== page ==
Yes, a little more about Phil Kessel and the Maple Leafs. Have we not all heard enough about The Kessel Trade? The original one, not the newest rumors that Brian Burke has had to deny, that he is shopping Kessel at the deadline. It sparks the debate anew… what is Phil Kessel’s value to the Maple Leafs?
Drafted 5th overall in 2006, Kessel compares fairly well to his cohort. As of the Leafs’ 57th contest this season, Kessel had 117 career NHL goals, the most of his draft class including Jonathan Toews (102), Jordan Staal (89) and Nicklas Backstrom (83). He’s 3rd in points with 219, well behind Backstrom (308) and Toews (241), but he’s played the most games at 349. His -24 is horrendous by comparison to some, yet comparable to others like Erik Johnson’s -18, Peter Mueller’s -21 or Chris Stewart’s -26. By the numbers, he’s performed as one of the top picks of 2006.
In Boston, the story goes that there was friction between Phil and coach Claude Julien. Rumors that Kessel sulked when benched, wasn’t a good teammate, made it known he wanted out of Boston. Much of that has been denied publicly by Julien, Kessel and others. When Brian Burke made his decision and paid the Bruins a first round and a second round draft choice in 2010, plus another first for 2011, a number of people felt he not only overpaid, but he acquired a player who was selfish, one-dimensional, and liable to be a problem on a rebuilding team.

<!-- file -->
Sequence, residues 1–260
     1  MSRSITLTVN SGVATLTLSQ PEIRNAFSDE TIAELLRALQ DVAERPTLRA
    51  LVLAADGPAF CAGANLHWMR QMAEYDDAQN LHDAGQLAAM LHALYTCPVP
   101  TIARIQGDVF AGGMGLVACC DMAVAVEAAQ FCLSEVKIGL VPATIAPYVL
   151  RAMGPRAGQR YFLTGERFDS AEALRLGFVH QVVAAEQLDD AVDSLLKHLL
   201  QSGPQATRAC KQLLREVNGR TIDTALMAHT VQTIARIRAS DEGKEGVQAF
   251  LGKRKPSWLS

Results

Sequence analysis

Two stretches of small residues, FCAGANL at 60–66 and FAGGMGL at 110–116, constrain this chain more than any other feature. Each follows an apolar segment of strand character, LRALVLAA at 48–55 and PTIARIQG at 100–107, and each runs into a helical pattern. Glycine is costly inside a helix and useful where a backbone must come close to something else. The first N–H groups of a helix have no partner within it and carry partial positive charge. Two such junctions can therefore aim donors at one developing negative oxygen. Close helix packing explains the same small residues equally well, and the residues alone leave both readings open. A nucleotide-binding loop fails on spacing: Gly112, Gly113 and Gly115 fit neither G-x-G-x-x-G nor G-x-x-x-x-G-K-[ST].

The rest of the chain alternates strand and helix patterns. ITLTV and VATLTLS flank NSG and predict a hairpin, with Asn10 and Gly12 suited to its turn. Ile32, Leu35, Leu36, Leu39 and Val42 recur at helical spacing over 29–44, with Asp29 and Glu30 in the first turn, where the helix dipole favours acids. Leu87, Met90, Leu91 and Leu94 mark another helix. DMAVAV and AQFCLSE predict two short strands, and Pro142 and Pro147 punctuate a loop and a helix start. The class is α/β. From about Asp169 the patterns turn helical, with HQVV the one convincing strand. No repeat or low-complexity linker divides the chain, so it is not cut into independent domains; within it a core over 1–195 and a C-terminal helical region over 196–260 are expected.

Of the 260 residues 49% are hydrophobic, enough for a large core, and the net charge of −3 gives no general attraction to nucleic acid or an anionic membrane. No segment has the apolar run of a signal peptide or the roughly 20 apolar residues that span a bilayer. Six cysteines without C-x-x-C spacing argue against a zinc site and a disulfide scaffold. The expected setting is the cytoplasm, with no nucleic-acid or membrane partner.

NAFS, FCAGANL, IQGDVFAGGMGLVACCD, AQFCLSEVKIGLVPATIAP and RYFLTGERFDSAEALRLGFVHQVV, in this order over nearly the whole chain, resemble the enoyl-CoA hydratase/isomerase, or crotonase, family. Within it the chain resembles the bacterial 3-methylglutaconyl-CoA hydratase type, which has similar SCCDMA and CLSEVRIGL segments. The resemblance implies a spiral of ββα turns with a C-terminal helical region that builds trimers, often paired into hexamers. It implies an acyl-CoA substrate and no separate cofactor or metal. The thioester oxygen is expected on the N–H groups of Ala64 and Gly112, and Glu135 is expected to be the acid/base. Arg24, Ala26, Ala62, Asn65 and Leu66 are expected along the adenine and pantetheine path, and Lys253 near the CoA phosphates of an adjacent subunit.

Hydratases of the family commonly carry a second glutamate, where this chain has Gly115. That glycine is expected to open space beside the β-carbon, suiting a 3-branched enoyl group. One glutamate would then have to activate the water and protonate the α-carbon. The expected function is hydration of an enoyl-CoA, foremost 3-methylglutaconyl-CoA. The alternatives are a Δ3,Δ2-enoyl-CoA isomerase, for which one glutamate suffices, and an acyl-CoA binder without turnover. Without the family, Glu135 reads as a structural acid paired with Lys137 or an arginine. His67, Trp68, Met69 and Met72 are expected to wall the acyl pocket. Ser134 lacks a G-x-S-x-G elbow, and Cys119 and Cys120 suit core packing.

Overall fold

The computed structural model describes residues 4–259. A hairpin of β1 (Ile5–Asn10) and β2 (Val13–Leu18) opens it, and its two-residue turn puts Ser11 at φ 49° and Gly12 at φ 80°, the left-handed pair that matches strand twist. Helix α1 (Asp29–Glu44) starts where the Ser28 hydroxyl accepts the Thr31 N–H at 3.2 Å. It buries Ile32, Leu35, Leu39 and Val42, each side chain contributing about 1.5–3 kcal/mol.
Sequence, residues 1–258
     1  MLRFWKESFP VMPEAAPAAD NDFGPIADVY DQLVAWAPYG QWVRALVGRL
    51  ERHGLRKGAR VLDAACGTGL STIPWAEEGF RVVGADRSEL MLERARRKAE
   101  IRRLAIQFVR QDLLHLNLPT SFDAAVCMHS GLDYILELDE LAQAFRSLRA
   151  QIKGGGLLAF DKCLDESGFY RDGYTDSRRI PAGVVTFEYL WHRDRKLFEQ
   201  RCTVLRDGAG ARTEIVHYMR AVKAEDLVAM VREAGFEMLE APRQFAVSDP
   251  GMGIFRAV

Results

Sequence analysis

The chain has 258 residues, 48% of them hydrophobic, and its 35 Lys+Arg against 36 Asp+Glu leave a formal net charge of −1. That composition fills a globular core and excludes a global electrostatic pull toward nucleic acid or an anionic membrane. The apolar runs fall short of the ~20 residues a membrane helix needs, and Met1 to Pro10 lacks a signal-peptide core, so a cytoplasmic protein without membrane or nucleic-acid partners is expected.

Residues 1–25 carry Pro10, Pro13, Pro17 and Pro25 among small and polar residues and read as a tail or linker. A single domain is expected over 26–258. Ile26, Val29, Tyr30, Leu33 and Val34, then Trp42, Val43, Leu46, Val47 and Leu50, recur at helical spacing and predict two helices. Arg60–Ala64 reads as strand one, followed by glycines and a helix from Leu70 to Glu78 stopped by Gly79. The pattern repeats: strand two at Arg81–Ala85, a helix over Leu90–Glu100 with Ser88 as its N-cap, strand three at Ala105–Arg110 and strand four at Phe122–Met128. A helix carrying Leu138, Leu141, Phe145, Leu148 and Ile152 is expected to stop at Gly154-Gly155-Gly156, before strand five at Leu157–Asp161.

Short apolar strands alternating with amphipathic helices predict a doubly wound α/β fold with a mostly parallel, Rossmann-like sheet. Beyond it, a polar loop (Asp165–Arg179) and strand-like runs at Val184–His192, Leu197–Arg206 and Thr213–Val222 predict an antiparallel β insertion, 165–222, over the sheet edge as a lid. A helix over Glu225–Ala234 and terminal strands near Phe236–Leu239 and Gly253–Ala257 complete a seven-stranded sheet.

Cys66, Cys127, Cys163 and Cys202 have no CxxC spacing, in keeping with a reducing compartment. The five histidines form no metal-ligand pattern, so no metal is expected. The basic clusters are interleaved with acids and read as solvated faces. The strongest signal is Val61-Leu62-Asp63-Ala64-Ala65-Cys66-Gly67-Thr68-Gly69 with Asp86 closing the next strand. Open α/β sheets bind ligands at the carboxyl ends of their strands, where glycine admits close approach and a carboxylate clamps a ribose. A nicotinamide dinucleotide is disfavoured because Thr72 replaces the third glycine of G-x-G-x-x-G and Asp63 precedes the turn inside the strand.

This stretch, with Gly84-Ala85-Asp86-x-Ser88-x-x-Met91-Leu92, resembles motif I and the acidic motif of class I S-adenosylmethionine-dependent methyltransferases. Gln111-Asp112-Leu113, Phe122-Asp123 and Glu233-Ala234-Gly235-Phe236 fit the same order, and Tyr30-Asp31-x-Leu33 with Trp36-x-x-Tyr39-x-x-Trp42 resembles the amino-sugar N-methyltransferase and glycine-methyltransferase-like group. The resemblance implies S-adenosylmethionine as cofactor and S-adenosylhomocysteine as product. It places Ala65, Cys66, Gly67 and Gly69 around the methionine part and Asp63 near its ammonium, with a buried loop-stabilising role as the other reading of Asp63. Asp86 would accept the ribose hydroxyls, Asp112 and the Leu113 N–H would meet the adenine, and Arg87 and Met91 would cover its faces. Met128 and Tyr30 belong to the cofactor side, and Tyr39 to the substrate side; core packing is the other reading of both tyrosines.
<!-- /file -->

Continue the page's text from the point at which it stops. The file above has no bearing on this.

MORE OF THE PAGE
Phil’s had something of a rough go in Toronto. His debut was delayed by 12 games after having shoulder surgery. The Leafs have lacked for comparable talent to play with Kessel. He’s on pace for 33 goals and 58 points this season, but he’s endured goalless slumps of 7, 7 and 14 games this season alone. His being picked last at the All Star Fantasy Draft has made him a target for some derision and ridicule. His frustration level topped out a few weeks back when the normally shy and quiet winger seemed to state that maybe things were not working out in Toronto, that he and coach Ron Wilson were barely speaking (though Kessel did make a subsequent statement to clear the air).